She also highlighted that many states have laws that may make it “functionally impossible to comply with state laws while taking advantage of the Settlement’s surcharging provisions.” This casts doubt on the plaintiffs’ claim that 96% of transactions would be eligible for surcharging under the settlement.

Honor All Cards Rule

The judge took issue with provisions maintaining Visa and Mastercard’s “Honor All Cards” rules, which require merchants to accept all of a network’s credit cards if they accept any. She said this fell far short of the relief some objecting merchants seek — elimination of these rules entirely.

The settlement would have clarified that merchants can selectively decline acceptance of certain categories of Visa or Mastercard products at all outlets operating under the same trade name. It also would have allowed merchants to run 120-day pilot programs declining acceptance at up to 20% of outlets annually.

Brodie found these changes insufficient, writing: “Although this change offers some merchants the option to test non-acceptance of some range of products at some of their outlets, merchants are still ‘saddled with another all-or-nothing choice’ among card products.”

She noted that regardless of whether objecting plaintiffs would successfully argue for elimination of the Honor All Cards rule at trial, “the fact that such relief has been continuously argued for and would offer significantly more choice to all Class Members, suggests that the relief offered in the Settlement falls short of the ‘best possible’ recovery.”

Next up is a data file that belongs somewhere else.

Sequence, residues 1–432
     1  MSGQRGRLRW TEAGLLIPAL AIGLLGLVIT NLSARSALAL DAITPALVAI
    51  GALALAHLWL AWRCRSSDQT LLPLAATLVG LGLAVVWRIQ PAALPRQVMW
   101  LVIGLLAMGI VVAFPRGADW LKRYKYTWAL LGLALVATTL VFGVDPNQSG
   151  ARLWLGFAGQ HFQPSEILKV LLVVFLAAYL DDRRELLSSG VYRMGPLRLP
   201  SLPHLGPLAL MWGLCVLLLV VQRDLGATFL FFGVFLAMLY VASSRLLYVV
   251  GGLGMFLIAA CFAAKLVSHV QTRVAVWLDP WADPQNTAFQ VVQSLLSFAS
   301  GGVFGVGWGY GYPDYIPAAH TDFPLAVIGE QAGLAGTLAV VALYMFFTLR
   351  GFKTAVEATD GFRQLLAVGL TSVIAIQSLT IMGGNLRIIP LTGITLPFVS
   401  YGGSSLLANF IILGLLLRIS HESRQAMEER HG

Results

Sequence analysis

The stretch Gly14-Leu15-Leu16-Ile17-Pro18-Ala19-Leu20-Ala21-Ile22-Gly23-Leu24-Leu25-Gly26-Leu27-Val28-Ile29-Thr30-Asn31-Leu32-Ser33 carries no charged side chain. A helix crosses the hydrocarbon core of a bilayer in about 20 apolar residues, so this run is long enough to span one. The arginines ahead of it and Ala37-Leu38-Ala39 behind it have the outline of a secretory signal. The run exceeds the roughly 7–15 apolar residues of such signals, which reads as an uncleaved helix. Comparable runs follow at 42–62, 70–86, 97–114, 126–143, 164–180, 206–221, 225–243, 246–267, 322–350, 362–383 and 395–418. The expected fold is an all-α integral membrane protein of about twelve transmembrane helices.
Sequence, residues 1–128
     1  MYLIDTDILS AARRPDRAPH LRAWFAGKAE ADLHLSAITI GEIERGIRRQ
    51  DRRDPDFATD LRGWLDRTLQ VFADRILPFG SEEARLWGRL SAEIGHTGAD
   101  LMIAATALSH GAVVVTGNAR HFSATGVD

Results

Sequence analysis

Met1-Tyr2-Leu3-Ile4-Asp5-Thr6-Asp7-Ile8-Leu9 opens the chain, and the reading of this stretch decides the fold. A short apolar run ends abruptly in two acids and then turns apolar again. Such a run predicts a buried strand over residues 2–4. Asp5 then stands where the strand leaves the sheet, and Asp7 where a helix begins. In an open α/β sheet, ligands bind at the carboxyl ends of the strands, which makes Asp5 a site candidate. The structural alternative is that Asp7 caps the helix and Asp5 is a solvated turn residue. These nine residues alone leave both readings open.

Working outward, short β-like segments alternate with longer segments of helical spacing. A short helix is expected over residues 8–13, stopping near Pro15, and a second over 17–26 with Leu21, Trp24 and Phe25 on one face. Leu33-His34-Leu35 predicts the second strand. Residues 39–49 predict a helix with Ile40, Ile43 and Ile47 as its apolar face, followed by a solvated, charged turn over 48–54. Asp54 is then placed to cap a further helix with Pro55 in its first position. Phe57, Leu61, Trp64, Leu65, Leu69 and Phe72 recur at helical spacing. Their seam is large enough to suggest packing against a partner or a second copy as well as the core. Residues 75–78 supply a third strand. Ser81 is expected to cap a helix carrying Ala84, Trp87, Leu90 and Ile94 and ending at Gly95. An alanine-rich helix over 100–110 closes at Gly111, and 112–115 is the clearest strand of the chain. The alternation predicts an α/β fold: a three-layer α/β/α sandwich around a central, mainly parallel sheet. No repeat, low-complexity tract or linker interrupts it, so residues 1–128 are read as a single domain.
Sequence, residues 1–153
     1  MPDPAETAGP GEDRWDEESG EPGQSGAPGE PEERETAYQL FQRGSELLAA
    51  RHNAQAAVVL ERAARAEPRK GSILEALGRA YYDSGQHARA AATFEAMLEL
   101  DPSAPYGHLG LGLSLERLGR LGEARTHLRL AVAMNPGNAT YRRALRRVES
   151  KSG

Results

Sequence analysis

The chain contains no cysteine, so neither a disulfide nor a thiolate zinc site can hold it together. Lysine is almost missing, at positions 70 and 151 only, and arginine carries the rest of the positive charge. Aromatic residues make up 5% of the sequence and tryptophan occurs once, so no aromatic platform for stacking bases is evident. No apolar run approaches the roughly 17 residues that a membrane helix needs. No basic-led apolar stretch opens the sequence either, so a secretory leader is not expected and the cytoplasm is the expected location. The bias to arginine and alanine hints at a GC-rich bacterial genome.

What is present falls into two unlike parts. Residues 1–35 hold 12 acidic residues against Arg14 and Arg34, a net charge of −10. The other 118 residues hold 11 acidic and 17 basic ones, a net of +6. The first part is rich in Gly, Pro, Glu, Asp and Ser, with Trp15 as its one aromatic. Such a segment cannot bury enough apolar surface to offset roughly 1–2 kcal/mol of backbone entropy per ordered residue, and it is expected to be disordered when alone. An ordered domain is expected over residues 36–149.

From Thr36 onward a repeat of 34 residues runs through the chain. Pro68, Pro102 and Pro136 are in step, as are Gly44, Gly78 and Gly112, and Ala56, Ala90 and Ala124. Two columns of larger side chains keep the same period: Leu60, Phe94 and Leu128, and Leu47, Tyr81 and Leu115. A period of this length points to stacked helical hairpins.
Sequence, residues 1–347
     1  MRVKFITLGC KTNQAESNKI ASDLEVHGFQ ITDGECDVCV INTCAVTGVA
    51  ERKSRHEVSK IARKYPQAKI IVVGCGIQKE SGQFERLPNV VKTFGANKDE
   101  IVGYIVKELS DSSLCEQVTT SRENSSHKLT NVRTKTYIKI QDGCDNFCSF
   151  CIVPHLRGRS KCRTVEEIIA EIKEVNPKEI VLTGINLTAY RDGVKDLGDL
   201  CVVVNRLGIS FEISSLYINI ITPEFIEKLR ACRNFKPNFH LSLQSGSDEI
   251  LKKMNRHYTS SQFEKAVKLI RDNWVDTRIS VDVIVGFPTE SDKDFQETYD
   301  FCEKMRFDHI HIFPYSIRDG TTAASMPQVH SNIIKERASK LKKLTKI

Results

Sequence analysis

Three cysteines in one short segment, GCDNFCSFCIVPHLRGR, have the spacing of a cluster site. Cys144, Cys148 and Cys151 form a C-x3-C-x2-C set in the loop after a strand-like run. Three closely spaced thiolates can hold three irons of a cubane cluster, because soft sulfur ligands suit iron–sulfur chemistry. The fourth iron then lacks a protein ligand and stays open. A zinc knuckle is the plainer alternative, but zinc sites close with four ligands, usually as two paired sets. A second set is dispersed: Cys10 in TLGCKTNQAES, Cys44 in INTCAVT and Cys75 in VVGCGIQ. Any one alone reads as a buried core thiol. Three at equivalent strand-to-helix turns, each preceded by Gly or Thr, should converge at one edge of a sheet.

The Digital Wallet Angle

The settlement also included modifications to Visa and Mastercard’s “Honor All Wallets” rules, which currently require merchants that accept digital wallets to accept all digital wallets that include a Visa or Mastercard payment card.

Under the proposed changes, merchants could accept some digital wallets and decline others, subject to certain restrictions. However, they would still be required to accept Visa- or Mastercard-branded cards in digital wallets owned or operated by Visa or Mastercard.

Brodie found this to be a “significantly limited form of the relief that several of the objecting Class Members seek: elimination of the Honor All Cards rules.” She noted the settlement would still require merchants to follow Honor All Cards rules for any digital wallet owned or operated by Visa or Mastercard.

The settlement would have required Visa and Mastercard to reduce posted interchange rates by at least four basis points and keep average effective rates at least seven basis points below current levels for five years. Brodie found these reductions inadequate, noting they would still keep rates above those challenged by plaintiffs when the case began. She cited expert testimony that competitive interchange rates could be over 100 basis points lower than current levels.